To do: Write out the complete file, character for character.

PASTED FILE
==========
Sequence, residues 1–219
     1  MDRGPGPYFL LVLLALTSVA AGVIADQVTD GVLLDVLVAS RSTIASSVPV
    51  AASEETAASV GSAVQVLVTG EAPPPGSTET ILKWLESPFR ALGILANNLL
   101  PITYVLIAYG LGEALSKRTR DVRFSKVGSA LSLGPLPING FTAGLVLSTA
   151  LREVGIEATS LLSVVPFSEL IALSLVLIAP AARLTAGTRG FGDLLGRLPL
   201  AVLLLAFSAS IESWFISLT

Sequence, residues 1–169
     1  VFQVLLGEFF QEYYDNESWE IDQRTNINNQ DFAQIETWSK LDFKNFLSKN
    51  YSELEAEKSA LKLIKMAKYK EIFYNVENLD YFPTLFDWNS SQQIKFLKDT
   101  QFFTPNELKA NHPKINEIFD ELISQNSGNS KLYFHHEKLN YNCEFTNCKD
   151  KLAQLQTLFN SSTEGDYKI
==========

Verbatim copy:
Sequence, residues 1–219
     1  MDRGPGPYFL LVLLALTSVA AGVIADQVTD GVLLDVLVAS RSTIASSVPV
    51  AASEETAASV GSAVQVLVTG EAPPPGSTET ILKWLESPFR ALGILANNLL
   101  PITYVLIAYG LGEALSKRTR DVRFSKVGSA LSLGPLPING FTAGLVLSTA
   151  LREVGIEATS LLSVVPFSEL IALSLVLIAP AARLTAGTRG FGDLLGRLPL
   201  AVLLLAFSAS IESWFISLT

Sequence, residues 1–169
     1  VFQVLLGEFF QEYYDNESWE IDQRTNINNQ DFAQIETWSK LDFKNFLSKN
    51  YSELEAEKSA LKLIKMAKYK EIFYNVENLD YFPTLFDWNS SQQIKFLKDT
   101  QFFTPNELKA NHPKINEIFD ELISQNSGNS KLYFHHEKLN YNCEFTNCKD
   151  KLAQLQTLFN SSTEGDYKI